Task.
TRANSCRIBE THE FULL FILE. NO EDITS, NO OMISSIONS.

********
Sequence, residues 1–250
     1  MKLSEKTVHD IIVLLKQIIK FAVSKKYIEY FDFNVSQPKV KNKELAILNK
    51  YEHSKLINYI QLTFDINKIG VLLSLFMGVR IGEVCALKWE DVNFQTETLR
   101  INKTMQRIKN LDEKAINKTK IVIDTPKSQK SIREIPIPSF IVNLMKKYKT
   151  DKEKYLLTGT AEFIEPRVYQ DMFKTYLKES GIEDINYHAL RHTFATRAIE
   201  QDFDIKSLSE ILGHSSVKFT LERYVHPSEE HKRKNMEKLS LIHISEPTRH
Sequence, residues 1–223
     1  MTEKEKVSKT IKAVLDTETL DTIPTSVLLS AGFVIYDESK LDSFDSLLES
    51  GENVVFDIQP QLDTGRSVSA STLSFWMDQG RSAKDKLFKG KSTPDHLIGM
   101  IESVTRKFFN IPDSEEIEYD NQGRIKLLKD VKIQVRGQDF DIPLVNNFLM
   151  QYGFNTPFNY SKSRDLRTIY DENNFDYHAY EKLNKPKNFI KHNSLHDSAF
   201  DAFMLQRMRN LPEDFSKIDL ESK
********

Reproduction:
Sequence, residues 1–250
     1  MKLSEKTVHD IIVLLKQIIK FAVSKKYIEY FDFNVSQPKV KNKELAILNK
    51  YEHSKLINYI QLTFDINKIG VLLSLFMGVR IGEVCALKWE DVNFQTETLR
   101  INKTMQRIKN LDEKAINKTK IVIDTPKSQK SIREIPIPSF IVNLMKKYKT
   151  DKEKYLLTGT AEFIEPRVYQ DMFKTYLKES GIEDINYHAL RHTFATRAIE
   201  QDFDIKSLSE ILGHSSVKFT LERYVHPSEE HKRKNMEKLS LIHISEPTRH
Sequence, residues 1–223
     1  MTEKEKVSKT IKAVLDTETL DTIPTSVLLS AGFVIYDESK LDSFDSLLES
    51  GENVVFDIQP QLDTGRSVSA STLSFWMDQG RSAKDKLFKG KSTPDHLIGM
   101  IESVTRKFFN IPDSEEIEYD NQGRIKLLKD VKIQVRGQDF DIPLVNNFLM
   151  QYGFNTPFNY SKSRDLRTIY DENNFDYHAY EKLNKPKNFI KHNSLHDSAF
   201  DAFMLQRMRN LPEDFSKIDL ESK